Or a 10-cent gas tax hike for education; or a razor-thin race for the fourth congressional district; or a man in the White House who in his, shall we say “unique” way, gets people excited about voting; or whatever it was that truly got people out this year.
I’ve been doing this a long time. The first column I wrote about voter turnout, or the lack thereof, was 20 years ago. Back then 45 percent of registered voters had just participated in an off-year election, and it was popular to do a lot of hand wringing about the future of democracy.
And voter turnout is suddenly up.
Up, that is, but not overwhelmingly great.
Utah’s official turnout rate was 75.5 percent of registered voters. That is the highest for a nonpresidential year since 1962, when the figure was 77 percent. This is good news, of course, but it must be kept in perspective.
The percentage of registered voters is only a measure of how many people who already had the initiative to register decided to actually follow through. The United States Elections Project keeps track of a more telling statistic — the percentage of eligible voters — people 18 or older who aren’t in prison — who voted.
Preliminary figures showed Utah with a 51.4 percent turnout under this definition. A pessimist might say this means almost half of eligible Utahns didn’t vote. The optimist would note that this still is a big improvement over past elections.
So the question of the day seems to be, is nastiness good for voter turnout?
By nastiness, I mean the perpetual state of rage and demonization of the other side that seems to define a portion of the electorate today, from the president on down. The answer seems to be — probably. No one expects a low turnout in 2020, especially if Donald Trump stands for re-election. This time around, control of the House seemed to be a catalyst, especially in the fourth district, which swung to the Democratic side by a margin too small to fill your local school auditorium.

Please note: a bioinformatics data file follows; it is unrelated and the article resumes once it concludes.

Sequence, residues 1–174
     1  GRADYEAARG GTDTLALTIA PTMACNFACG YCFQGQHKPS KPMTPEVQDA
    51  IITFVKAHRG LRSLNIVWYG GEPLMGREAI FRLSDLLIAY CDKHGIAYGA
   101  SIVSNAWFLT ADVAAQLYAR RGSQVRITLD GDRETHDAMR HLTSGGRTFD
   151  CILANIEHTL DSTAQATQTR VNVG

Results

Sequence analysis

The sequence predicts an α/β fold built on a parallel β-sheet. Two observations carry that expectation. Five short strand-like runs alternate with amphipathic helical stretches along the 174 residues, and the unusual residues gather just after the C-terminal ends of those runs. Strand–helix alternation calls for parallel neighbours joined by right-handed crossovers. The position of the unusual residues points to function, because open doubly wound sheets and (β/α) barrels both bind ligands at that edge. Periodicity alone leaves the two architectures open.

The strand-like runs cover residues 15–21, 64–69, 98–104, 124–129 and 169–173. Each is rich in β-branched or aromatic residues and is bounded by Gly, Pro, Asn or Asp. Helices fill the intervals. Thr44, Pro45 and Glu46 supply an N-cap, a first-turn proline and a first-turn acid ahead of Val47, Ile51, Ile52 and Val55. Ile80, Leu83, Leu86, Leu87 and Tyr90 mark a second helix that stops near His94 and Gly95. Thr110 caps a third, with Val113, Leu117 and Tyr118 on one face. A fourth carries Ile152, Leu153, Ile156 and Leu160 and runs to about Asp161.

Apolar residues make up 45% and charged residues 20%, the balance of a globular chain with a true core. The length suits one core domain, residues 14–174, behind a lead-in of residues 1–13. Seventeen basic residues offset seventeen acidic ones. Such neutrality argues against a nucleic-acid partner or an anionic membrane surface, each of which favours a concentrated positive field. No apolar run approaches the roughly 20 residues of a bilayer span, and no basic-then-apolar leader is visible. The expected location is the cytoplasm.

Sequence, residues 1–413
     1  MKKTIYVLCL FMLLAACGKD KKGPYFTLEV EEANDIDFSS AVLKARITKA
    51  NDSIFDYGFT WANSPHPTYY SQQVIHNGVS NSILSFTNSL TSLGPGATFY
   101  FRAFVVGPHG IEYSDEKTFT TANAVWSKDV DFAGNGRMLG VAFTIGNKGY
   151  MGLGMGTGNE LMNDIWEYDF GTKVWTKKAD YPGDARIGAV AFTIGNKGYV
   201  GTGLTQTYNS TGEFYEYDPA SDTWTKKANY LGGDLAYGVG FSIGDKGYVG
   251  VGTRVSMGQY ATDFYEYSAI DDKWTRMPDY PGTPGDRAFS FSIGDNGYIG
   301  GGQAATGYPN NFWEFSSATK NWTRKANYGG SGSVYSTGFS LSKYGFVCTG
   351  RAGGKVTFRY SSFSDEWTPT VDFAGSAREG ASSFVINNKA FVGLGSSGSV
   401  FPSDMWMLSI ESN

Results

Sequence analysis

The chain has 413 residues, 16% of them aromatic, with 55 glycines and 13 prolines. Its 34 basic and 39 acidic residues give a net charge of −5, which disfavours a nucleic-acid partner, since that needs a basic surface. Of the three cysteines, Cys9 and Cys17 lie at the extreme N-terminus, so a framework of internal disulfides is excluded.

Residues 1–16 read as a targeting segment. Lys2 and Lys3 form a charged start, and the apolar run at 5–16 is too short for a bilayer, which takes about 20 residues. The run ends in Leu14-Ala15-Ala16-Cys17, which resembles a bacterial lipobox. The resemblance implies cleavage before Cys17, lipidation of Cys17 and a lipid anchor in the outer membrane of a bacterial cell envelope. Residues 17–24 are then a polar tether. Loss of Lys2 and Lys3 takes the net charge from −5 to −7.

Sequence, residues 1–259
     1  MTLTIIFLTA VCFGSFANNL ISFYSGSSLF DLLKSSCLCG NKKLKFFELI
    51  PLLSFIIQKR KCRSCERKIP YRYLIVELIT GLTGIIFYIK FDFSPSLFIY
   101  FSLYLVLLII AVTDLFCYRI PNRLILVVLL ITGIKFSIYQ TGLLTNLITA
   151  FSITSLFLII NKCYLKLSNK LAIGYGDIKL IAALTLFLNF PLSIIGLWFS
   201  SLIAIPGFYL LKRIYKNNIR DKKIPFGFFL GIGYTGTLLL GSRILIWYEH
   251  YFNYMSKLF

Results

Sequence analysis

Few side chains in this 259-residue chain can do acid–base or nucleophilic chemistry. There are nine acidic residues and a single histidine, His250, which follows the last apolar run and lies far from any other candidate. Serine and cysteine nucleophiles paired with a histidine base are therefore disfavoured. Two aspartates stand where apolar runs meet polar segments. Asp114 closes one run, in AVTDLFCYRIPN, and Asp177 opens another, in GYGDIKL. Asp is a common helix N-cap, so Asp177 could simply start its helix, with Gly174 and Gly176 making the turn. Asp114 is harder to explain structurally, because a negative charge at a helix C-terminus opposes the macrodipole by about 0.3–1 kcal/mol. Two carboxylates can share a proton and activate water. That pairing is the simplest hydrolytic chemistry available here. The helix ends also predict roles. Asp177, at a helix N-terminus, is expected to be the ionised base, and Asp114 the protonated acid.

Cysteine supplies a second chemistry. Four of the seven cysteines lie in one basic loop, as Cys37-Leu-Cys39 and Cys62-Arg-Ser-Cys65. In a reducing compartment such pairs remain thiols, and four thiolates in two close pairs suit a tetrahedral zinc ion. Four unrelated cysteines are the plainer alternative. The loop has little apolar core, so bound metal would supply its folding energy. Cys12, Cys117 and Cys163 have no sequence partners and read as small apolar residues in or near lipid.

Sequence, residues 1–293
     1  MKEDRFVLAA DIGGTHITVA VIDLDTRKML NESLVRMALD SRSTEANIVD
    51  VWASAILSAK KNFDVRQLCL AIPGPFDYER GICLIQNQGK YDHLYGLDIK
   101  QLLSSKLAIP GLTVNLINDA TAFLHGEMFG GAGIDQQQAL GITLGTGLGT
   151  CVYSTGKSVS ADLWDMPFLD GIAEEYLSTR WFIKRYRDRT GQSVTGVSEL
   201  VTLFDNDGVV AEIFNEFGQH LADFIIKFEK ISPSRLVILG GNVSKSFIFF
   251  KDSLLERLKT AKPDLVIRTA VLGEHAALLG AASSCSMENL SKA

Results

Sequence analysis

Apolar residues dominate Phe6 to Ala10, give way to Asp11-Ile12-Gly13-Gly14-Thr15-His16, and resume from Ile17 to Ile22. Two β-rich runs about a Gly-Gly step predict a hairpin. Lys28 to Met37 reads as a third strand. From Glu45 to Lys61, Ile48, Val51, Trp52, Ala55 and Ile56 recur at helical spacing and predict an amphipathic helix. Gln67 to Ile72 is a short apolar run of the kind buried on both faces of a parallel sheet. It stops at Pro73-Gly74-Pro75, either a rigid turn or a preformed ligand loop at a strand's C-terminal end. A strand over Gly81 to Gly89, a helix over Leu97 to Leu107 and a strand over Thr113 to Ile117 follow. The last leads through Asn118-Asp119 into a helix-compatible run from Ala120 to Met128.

Utah Lt. Gov. Spencer Cox told reporters the highest vote count for anything on the ballot was for Proposition 2, the statewide medical marijuana initiative. That means many people participated solely because of that item, not voting for anything else. That hardly qualifies them as an engaged electorate.
But he also attributed the turnout to “the political atmosphere,” saying, “Certainly, having a president that’s so controversial and every day is tweeting and getting people involved for better or worse, whichever way you look at that, definitely that’s driving things.”
During this election season, members of the KSL/Deseret News editorial board often asked candidates for federal office what they would do to end the divisiveness in Washington. When I asked that of Rep. Rob Bishop, he scoffed at the premise and gave me a quick history lesson on the long tradition of nastiness in American politics. We’re hardly plowing new ground.
That may be true, but it seems as if we’ve taken things to a new level recently. After all, when I wrote that column back in 1998, the House was getting ready to impeach President Clinton. That didn’t seem to be enough to get people interested in voting.
And if today’s high turnout rate really is a Trump effect, what happens when he no longer is on the ballot? Will we still be able to muster the rage to vote?
Is rage really the defining factor to a vibrant democracy? Should it be?
In a Deseret News op-ed published a year ago, Utah Foundation President Peter Reichard noted a clear correlation between voter turnout and high education levels, high incomes and older age groups. This may explain, at least partially, why Minnesota seems always to lead the nation in turnout, despite not always having competitive races. As a state, it ranks second in the nation for the percentage of people with an associate’s degree or higher, according to the Minnesota Office of Higher Education.
Getting people to vote through this route seems better for democracy in the long run than trying to keep them enraged.